Ahhh, that's a good question, especially considered the envelope is specifically addressed to "Adonai Academy" which is the name of our homeschool. :D

 

I don't know why I feel the need, but I want to clarify that I am not offended, not pissed off, and certainly not feeling hostile. I'm just curious. Yes, I had a few snarky thoughts, but that doesn't mean I'd actually include those in any response.

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I would respond. It seems as if they made a genuine effort and really tried to be non offensive, and if they want to know why I homeschool, I would be more than happy to explain it to them.

 

I don't get the hostility.

:iagree:

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I don't see anything wrong with either responding politely or disregarding entirely. If, as the letter states, you do not wish to be contacted again by the school district, disregard the letter. I didn't see it as threatening at all. I didn't even see it as offensive. It's just a bit of a sales pitch. Thanks but no thanks, circular file, and done.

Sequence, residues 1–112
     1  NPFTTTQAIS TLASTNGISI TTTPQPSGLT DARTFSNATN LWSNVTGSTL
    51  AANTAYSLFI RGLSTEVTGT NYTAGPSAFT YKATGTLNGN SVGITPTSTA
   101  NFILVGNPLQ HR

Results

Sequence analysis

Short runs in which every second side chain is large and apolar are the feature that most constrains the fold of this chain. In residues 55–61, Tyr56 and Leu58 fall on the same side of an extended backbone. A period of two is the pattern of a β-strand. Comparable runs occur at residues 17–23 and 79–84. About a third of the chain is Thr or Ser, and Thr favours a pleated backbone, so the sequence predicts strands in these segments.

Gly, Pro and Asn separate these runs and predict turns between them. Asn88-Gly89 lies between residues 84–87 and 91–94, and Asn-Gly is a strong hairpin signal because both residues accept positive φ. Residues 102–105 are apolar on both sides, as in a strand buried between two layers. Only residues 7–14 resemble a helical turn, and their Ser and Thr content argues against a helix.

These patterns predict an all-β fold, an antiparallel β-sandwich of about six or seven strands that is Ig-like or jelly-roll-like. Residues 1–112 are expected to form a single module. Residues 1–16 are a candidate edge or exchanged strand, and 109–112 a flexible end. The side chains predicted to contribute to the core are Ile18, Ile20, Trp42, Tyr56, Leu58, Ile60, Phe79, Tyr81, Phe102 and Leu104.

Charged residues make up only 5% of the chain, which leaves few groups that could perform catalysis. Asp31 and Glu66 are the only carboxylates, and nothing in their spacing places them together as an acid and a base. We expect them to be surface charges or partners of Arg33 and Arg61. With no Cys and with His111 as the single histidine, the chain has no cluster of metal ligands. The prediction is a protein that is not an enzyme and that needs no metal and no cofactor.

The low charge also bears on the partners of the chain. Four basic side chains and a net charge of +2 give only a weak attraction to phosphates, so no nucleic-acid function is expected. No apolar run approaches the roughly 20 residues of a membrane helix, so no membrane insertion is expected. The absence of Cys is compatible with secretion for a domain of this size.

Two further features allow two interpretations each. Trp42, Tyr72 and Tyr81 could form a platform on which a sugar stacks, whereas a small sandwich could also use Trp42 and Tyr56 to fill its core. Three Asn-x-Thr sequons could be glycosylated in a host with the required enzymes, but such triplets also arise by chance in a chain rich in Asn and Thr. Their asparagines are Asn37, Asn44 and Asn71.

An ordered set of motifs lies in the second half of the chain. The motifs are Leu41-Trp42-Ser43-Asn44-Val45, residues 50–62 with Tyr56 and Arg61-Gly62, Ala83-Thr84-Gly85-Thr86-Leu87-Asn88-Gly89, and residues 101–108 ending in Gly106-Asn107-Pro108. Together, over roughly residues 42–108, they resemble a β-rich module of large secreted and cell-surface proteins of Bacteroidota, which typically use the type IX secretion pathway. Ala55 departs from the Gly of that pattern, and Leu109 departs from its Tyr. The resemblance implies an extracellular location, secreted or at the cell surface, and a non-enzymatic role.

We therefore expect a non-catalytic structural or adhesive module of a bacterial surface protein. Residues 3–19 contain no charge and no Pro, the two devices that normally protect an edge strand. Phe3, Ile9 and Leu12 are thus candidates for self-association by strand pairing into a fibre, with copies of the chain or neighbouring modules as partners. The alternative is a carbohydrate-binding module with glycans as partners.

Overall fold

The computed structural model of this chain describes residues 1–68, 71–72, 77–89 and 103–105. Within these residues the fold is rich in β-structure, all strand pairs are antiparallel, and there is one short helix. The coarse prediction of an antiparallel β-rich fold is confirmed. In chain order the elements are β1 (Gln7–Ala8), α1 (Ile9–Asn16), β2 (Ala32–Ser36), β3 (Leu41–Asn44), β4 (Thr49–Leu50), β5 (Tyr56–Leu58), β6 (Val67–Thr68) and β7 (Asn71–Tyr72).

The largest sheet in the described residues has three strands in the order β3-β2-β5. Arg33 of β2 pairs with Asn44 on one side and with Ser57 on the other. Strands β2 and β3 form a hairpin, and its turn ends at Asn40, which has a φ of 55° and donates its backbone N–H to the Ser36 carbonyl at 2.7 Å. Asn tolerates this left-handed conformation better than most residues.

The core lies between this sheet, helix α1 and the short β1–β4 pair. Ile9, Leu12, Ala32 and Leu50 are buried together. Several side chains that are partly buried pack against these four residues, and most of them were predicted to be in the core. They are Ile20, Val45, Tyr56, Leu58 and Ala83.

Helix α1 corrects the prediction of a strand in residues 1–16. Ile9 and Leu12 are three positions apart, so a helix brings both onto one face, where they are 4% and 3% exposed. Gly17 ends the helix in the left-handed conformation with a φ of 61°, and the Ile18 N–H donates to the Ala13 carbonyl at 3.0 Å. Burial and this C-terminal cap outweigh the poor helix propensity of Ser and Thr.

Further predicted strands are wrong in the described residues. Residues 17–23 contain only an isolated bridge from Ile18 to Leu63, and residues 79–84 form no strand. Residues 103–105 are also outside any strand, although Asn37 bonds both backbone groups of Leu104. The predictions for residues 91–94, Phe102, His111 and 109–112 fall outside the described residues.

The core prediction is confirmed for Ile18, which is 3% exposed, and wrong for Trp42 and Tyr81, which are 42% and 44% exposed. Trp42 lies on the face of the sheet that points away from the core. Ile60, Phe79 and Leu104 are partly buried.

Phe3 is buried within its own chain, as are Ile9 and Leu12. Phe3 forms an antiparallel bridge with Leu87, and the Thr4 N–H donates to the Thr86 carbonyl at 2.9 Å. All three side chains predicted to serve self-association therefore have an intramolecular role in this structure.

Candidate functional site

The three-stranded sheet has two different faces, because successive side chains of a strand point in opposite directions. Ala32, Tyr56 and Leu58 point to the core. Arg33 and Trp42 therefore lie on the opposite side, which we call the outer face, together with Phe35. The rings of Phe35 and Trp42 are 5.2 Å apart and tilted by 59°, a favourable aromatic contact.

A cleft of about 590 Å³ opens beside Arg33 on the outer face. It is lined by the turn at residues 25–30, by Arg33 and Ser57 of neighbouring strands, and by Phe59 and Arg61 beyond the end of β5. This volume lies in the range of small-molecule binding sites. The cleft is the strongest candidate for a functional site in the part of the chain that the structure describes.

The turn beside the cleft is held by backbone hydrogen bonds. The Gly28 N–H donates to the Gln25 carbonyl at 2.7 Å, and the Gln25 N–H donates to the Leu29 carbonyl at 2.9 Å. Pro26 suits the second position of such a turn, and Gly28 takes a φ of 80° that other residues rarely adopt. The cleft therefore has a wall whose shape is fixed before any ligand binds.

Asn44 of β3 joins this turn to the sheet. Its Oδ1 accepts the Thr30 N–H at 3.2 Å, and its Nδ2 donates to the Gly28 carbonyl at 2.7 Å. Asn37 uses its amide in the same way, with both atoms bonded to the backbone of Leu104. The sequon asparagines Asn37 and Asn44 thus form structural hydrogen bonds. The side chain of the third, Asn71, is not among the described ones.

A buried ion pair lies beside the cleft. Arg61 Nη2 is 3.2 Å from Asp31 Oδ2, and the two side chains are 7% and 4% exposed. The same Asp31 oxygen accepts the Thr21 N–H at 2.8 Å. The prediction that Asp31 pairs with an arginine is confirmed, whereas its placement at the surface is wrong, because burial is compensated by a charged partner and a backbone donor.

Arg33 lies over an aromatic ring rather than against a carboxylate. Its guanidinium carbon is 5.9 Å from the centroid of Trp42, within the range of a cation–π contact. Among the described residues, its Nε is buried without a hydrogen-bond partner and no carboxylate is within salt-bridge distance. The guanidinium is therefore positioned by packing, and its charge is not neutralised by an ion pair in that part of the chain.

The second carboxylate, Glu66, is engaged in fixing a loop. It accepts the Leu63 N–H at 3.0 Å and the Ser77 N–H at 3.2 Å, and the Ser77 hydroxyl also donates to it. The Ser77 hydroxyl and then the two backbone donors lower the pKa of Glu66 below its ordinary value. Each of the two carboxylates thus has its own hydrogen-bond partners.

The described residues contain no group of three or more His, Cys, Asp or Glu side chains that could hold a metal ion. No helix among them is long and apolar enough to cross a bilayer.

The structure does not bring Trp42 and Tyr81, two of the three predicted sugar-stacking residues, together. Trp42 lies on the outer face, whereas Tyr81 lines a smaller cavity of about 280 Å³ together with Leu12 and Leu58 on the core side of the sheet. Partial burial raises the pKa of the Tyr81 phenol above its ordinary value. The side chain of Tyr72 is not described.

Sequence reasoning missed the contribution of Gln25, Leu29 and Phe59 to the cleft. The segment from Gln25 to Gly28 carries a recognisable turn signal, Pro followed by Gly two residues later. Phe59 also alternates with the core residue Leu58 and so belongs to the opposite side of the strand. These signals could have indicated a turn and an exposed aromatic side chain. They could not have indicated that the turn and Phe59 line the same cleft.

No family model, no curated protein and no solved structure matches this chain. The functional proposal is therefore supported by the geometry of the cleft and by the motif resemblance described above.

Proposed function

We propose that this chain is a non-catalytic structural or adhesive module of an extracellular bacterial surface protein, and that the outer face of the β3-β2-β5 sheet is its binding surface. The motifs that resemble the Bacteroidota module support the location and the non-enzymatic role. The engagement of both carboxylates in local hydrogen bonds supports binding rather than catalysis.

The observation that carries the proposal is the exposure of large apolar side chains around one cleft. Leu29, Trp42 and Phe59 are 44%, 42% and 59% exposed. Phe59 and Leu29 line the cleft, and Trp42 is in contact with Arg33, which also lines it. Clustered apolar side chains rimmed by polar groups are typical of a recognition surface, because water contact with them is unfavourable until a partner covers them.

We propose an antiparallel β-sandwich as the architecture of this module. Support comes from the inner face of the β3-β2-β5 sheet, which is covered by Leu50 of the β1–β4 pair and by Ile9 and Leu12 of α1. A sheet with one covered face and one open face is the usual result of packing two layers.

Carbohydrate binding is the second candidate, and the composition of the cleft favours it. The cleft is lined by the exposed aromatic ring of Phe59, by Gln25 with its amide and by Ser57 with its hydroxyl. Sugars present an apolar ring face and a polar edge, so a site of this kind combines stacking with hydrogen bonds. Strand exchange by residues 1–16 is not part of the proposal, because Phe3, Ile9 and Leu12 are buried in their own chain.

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I would respond. It seems as if they made a genuine effort and really tried to be non offensive, and if they want to know why I homeschool, I would be more than happy to explain it to them.

 

I don't get the hostility.

 

:iagree: In our case, my kid hit the ceiling of the GT screener the school gave him in kindergarten. And then couldn't fit him into the mediocre full time GT program because kid's are chosen via lottery and not by need. The system got enough more ridiculous this year because now there is sibling preference for the GT program.